- It seems fair to say that of ALL the possible options available to someone with time travel - Hiro decided on one that was idiotic. There was literally nothing to stop Sylar hearing what Hiro had to say and then just murdering him AND Charlie. All you can say about Hiro's plan is that it didn't require him to travel in time. Also, Hiro is at a point in history where he KNOWS that Sylar is going to murder a lot more people... but I guess that doesn't matter. Oh and the fact that removing Charlie from the past (rather than let her get murdered) seems to have no effect on the time line... you'd think a nifty power like perfect memory might have some impact given Sylar's importance... but then again, Ando and Hiro's sister getting together seemed to have zero impact on the world... so much for the butterfly effect...
- For the question about why Peter didn't just freeze time... I thought he did, but just did it too late. I vaguely remember there being some matrix-style special effects going on when Peter got shot.
- He did stop time and teleport in, just as the kid was firing. However, considering that this is Peter, I didn't actually have any trouble believing this scene. Also, as for Hiro's options: he couldn't use teleportation or time travel in this episode. As he told Emma, "lately, time and space have been the master of him". Considering that Samuel made such a big deal of Hiro taking them back to the carnvial, and then Hiro continues to have trouble time-travelling throughout the next episode, and then he refers to his time travel being 'not so good' and him ending up ten minutes ahead of his mark, I thought this would have been clear.
Why didn't Hiro think to go back in time to his mother, who had healing powers?
- Granting that she died in his arms at one point in the past, there's nothing to stop Hiro from going back to slightly earlier when his mother was healthy and asking her to heal him and Charlie there. It's not like this would abuse the time-stream anymore than what Hiro has been doing so far in saving Charlie.
- For the same reason that he used time-stop instead of teleport during his duel with Sylar: during this episode, he couldn't control his teleportation. He couldn't teleport or time-travel. Considering that Samuel made such a big deal of Hiro taking them back to the carnvial, and then Hiro continues to have trouble time-travelling throughout the next episode, and then he refers to his time travel being 'not so good' and him ending up ten minutes ahead of his mark, I thought this would have been clear.
No Small Butterflies
Ando tells Hiro that the reason he can't save Charlie is because "there are no small butterflies", meaning everything he does will affect the future in many different ways. Sure, except when Hiro goes back in time and makes Ando and Kimiko a couple without affecting ANYTHING else in the entire show, and when Hiro goes back in time, cures Charlie, insults Sylar and completely fucks up his own past, and when Hiro goes back in time to stop a man from committing suicide... seriously, this show has the most inconsistent time-travel rules of anything, ever.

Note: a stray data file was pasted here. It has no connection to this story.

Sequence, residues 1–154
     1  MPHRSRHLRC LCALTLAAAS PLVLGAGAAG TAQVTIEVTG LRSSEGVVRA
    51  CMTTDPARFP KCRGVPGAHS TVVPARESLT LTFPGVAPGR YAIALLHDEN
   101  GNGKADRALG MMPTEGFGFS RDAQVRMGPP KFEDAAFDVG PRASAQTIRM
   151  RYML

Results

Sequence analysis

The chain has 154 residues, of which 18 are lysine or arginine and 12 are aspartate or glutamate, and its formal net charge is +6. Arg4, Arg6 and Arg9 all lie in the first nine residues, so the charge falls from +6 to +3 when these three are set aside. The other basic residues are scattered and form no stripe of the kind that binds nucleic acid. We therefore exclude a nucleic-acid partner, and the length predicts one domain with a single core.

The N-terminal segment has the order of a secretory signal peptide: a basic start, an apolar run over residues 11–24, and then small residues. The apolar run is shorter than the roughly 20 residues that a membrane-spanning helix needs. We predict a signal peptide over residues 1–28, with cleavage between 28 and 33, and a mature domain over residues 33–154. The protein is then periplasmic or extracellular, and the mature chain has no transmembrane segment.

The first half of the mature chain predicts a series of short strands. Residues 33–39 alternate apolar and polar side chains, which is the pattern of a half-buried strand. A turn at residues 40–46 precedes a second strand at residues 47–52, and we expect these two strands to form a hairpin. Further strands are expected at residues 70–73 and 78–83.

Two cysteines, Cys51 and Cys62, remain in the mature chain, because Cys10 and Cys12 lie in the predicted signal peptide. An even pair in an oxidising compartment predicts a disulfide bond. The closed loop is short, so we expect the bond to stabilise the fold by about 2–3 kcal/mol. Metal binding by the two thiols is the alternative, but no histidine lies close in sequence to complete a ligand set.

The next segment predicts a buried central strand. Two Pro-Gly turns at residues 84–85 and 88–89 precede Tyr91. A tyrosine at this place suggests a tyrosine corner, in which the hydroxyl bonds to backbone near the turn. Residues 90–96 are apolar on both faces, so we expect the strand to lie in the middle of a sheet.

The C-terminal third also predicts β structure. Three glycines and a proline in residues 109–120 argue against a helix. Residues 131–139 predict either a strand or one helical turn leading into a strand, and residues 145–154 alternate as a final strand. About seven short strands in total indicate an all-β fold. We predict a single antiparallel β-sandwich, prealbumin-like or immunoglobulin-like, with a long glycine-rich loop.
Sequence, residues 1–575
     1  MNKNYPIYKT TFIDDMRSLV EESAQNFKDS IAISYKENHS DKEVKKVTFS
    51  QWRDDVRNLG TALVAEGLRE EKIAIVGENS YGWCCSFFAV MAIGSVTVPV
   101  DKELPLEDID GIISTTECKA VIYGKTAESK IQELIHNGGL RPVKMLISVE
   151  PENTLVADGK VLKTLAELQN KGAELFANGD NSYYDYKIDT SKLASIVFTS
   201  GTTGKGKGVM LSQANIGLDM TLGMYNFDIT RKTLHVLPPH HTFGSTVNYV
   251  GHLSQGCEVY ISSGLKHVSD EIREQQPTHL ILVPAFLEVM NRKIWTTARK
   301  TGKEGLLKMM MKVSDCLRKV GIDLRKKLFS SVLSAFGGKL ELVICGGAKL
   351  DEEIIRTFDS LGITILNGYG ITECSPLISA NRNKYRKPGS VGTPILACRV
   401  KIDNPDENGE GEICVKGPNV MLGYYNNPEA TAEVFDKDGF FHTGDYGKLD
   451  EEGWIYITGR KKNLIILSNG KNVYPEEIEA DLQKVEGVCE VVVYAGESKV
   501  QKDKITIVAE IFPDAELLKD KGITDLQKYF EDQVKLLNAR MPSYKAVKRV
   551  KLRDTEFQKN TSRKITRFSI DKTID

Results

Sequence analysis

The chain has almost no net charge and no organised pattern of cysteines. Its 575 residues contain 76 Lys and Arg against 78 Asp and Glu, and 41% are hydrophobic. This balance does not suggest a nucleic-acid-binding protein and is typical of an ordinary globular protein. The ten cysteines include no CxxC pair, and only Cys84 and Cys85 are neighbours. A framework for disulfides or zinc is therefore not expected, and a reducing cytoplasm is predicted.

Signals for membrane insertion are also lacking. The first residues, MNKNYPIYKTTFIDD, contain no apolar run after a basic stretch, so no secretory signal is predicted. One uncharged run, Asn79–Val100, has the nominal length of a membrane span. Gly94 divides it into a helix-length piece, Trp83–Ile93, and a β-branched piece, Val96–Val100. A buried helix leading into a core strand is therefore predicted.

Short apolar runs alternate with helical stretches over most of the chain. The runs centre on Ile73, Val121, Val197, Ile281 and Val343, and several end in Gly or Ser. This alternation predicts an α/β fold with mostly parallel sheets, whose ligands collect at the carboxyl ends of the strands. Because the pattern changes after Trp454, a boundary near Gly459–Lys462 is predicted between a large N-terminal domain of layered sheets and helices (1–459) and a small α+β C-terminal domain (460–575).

- In this troper's opinion the part that JBM is that Charlie not only failed to use her power to improve her situation or the world's in any way, she barely seems to recognize that she could. She has perfect memory! She could become a multi-billionaire with just a few years of lead time, let alone 65. She could have stood in Daley Plaza to see if there really was a shooter on the grassy knoll. She could have decoded an NFL defense's hand signals even better than Bill Belichick (and legally too). And so on. But she is content to be a riveter and a mother, even after society changes enough to allow her to break that mold.
- Could be she wanted as much of a normal life as possible. I do know someone who is in MENSA who never rose above E5 (5th lowest rank)in the army, he just wanted the life he had.
Where did the "second" Future Hiro go?
Okay, so 2006 Hiro and Ando teleport into the distopian future at the same time as Future Hiro returns. Future Hiro is the one from the timeline where a Future Hiro never told Peter to "save the cheerleader; save the world". Obviously, New York still blew up. So, Future Hiro decided to alter history, built the string map to figure out what event would have the most effect, and then traveled back to tell Peter the message. After Peter got the message, he got a bunch of the heroes together, Claire was saved, and then Hiro and Ando travel in to the future but presumably there would be a timeline in which they wouldn't. A Future Hiro of this second timeline then makes the string map in the loft and leaves to change something (presumably not "save the cheerleader" because in his timeline the first Future Hiro would have already done that), when 2006 Hiro and Ando and the first Future Hiro arrive. What the frak happened to the second Future Hiro?
... Why does he quote Dio instead? It's not like Star Platinum can't stop time